By Ernie Palladino
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It wasn’t long ago that quarterbacks enjoyed some leeway in their development.
Two, even three years of starting experience were afforded to them before a team pulled the plug and started over again. Even today, the NFL has seen teams stick with promising talent as they experience a variety of setbacks — losses, turnovers, injuries.
After all, how long did the Rams keep an injury- and mistake-prone Sam Bradford? Four years and 49 starts before they dumped him on the Eagles last season.
At the risk of comparing the financial and emotional investment of the top pick of the 2010 draft to a fourth-round quarterback like Bryce Petty, the very concept of quick-hooking Petty next season illustrates the Jets’ impatience with their quarterback situation. Not that the Rams had it all figured out. Before relocating, they could easily have been considered the Jets of the Midwest. But at least they gave Bradford enough time for a solid evaluation.
The same may not be afforded to Petty, and that’s a shame. But an understandable shame. The Jets are a mess, have been a mess, and as long as they keep missing on quarterbacks and head coaches, they will continue as a mess. Now, with Petty installed and Christian Hackenberg in waiting, they’re caught between patience and knee-jerk evaluations. The question is whether four starts at the end of a lost season are enough to determine if the Jets have their quarterback of the future.
It’s not, of course. Quarterbacks take time to develop. Eli Manning needed the better part of two seasons before he started looking like a capable quarterback. His brother, Peyton, threw a whopping 28 interceptions as a rookie.
But Petty and Hackenberg, who has yet to win himself a gameday uniform, could wind up on the short end of the evaluation stick if recent reports of the Jets’ interest in North Carolina’s Mitch Trubisky are true. What further defines the team’s impatience is that the junior thrower hasn’t even declared for the 2017 draft yet.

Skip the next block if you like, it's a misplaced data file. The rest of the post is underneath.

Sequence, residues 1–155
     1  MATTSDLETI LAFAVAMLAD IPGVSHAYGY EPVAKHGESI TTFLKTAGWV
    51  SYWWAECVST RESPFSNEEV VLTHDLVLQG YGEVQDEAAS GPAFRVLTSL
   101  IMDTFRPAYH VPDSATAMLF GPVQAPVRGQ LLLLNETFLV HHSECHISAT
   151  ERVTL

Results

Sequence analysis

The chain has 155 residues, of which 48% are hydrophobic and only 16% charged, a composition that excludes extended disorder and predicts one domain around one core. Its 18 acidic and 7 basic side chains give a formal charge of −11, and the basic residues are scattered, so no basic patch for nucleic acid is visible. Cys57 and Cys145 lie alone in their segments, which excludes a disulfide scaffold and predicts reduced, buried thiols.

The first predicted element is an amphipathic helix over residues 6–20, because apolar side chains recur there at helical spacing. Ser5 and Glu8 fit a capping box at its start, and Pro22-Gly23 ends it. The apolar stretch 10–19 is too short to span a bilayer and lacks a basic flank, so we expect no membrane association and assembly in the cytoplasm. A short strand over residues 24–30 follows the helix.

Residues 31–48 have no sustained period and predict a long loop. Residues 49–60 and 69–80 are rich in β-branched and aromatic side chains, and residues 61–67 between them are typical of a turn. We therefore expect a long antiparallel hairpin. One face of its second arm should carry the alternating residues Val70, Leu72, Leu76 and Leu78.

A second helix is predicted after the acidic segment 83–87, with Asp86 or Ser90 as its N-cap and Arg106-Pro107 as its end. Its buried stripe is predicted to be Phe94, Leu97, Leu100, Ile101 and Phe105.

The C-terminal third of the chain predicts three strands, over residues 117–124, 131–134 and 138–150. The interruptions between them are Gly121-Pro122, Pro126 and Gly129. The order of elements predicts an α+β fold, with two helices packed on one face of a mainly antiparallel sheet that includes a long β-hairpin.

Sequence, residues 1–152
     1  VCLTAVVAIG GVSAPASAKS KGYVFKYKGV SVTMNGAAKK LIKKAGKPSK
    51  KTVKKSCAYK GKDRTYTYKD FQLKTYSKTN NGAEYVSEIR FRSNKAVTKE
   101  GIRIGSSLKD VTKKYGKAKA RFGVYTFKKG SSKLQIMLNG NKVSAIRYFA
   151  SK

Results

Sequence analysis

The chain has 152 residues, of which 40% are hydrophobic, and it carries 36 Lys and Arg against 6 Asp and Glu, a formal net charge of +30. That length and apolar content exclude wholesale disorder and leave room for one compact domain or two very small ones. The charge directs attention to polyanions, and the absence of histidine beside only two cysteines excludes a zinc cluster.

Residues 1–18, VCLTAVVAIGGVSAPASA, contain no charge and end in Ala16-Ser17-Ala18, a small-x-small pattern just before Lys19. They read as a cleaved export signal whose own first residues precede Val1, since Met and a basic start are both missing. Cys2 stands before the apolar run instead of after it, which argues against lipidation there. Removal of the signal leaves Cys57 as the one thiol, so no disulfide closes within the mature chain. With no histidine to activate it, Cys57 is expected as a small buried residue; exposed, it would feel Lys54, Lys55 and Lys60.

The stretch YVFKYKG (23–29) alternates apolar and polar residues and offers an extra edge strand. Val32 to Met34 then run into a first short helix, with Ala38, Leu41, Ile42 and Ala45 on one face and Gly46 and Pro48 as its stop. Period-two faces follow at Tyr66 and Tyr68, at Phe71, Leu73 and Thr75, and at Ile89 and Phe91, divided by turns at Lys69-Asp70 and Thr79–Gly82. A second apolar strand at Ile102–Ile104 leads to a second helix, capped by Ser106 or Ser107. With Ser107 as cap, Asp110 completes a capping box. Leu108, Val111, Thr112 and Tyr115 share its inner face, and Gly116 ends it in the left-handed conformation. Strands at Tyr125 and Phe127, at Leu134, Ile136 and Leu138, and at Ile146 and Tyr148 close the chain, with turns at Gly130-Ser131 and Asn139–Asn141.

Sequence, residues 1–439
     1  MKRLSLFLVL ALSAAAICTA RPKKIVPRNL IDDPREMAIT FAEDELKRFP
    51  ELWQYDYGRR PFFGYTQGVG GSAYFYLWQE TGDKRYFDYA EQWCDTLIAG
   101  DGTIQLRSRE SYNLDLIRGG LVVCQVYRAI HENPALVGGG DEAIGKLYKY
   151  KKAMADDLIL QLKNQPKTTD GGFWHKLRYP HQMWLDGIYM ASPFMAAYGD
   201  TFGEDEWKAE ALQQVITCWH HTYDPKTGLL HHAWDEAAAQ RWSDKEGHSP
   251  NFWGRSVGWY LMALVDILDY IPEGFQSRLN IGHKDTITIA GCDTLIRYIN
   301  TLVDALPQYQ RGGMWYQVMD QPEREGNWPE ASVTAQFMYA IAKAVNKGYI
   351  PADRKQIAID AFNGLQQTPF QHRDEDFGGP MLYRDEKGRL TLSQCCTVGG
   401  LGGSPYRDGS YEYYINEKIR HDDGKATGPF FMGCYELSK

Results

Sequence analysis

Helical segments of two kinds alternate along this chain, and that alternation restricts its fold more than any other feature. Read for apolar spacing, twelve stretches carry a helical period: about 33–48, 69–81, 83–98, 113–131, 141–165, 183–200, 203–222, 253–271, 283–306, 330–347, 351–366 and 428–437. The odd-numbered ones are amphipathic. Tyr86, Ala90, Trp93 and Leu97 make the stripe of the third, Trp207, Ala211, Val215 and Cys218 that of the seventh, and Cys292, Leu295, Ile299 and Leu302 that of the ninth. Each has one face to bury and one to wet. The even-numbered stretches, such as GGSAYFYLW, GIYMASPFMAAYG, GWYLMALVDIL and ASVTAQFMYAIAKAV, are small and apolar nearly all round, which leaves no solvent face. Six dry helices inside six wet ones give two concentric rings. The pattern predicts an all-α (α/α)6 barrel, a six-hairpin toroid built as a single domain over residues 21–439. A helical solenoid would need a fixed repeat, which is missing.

Petty’s predicament is all the franchise’s fault, of course. Between ill-fated former general manager John Idzik and current GM Mike Maccagnan, they haven’t gotten that position right in three attempts in the last four drafts, despite spending two second-round picks (Geno Smith in 2013 and Hackenberg this year) and a fourth-rounder (Petty in 2015).
Having assured themselves of a fifth nonwinning season in the last six, impatience has obviously run high in the executive offices. As a result, Petty gets a short audition when he really needs a full season behind the throttle. And the judgment on Hackenberg and his slow development may already have been handed down without so much as a single in-season snap.
Not good. But perhaps that’s unavoidable for a franchise verging on panic.
The Jets have to commit, if not to Petty next year then to whichever quarterback they pluck out of the college ranks. They must make up their mind that either Petty or the new kid gets at least a couple of full-time seasons to prove himself. Smith received as much before he became toxic.
Either way, the Jets can’t keep the revolving quarterback door spinning. With each miss, they set themselves back immeasurably. And they now know through the Ryan Fitzpatrick experience that the veteran market provides only temporary relief.
They must settle on a young guy and develop him. Four years would be ideal. Two is more realistic in the current environment.
Anything is better than four games.
Follow Ernie on Twitter at @ErniePalladino